Focusing on ways to win workers to wool

New Tasmanian program to look at wool workforce needs

Coronavirus
WORKFORCE DEMAND: NSW shearers Ben Reinke and Aryn Bazeley at Fingal in September. Picture: Phillip Biggs

WORKFORCE DEMAND: NSW shearers Ben Reinke and Aryn Bazeley at Fingal in September. Picture: Phillip Biggs

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Shearers and wool classers hit hard by the COVID-19 pandemic.

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Tasmania's shearer shortage will be put under the microscope as part of a new program run by Primary Employers Tasmania.

PET has secured funding from Skills Tasmania to run a program to examine the present and future workforce needs of wool.

Shearers and wool classers have been hit hard by the COVID-19 pandemic, due to the inability to move around the country.

Border restrictions and quarantine measures have left some shearers stranded in a state, other than the one where they normally live.

Others have put their shearing work on hold, as they can't afford to lose money or pay for hotel quarantine measures.

The border restrictions are putting financial strain on many shearers, and led to one of the longest and toughest seasons in Tasmania, drawn out by physical distancing requirements.

Shearers and wool classers were not deemed essential workers and were unable to secure exemptions to enter the state.

Primary Employers Tasmania President Felicity Richards said many wool growers had been severely hit by the 2020 market slump, but a recent rebound in prices had restored optimism and confidence.

"We have many Tasmanian wool growers leading the world in terms of their commitment to sustainability, global accreditation, animal welfare and the quality of their fibre," Ms Richards said.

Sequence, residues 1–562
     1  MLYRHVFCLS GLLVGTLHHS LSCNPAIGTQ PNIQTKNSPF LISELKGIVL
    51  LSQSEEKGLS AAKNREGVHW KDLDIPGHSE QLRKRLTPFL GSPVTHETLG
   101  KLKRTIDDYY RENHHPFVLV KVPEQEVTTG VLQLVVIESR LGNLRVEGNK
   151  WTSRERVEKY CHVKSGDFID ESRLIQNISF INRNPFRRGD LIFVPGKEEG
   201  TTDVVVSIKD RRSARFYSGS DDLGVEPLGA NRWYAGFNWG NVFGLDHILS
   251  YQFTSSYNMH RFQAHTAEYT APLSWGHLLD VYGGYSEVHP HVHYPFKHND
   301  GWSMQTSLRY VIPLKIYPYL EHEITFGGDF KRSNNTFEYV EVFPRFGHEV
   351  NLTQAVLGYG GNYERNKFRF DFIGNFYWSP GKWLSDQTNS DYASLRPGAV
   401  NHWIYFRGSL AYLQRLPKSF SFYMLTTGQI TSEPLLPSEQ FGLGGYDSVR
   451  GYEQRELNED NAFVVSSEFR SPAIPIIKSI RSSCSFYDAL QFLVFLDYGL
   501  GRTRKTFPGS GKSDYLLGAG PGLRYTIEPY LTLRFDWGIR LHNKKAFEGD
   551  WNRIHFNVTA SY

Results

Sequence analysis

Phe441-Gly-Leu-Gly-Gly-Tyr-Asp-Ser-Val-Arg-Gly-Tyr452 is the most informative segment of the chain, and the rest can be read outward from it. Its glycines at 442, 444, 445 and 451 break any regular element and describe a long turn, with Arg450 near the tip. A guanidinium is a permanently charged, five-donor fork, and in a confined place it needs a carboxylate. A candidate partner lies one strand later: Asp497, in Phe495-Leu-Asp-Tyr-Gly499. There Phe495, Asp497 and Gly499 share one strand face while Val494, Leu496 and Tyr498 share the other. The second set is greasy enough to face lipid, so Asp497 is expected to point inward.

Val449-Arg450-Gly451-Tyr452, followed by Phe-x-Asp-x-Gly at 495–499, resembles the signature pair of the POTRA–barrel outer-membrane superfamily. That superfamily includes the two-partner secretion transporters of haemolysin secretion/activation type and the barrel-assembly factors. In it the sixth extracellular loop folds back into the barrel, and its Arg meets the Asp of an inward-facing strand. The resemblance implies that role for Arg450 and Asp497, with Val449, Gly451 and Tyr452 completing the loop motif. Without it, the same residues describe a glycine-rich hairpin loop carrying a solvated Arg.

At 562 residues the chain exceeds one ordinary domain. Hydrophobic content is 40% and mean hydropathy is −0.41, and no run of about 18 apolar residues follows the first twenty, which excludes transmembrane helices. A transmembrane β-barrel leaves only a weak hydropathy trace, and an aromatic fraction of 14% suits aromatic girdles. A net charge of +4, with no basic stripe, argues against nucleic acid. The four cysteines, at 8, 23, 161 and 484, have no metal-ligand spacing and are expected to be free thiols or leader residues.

"It is essential that we have sufficient and skilled shearers and shed hands to remove the wool ready for our brokers to market Tasmanian wool to the world."

Primary Employers Tasmania, the longest-established provider of practical and professional workplace relations solutions for Tasmanian farmers, has been delivering wool industry training in Tasmania since 2011.

Ms Richards said it was time for a new approach to better connect with the next generation that will drive innovation, change and efficiencies in the wool industry

However, to address the workforce challenges, a whole-of-industry approach was needed, she said. To address this, a steering committee with representatives from Primary Employers Tasmania, growers, shearing contractors and woolbrokers has been formed to oversee the program.

A part-time project manager will also be recruited. The two-year project is ready to commence. Applications for the steering committee and project officer are expected to be advertised before the end of October.

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The story Focusing on ways to win workers to wool first appeared on The Examiner.

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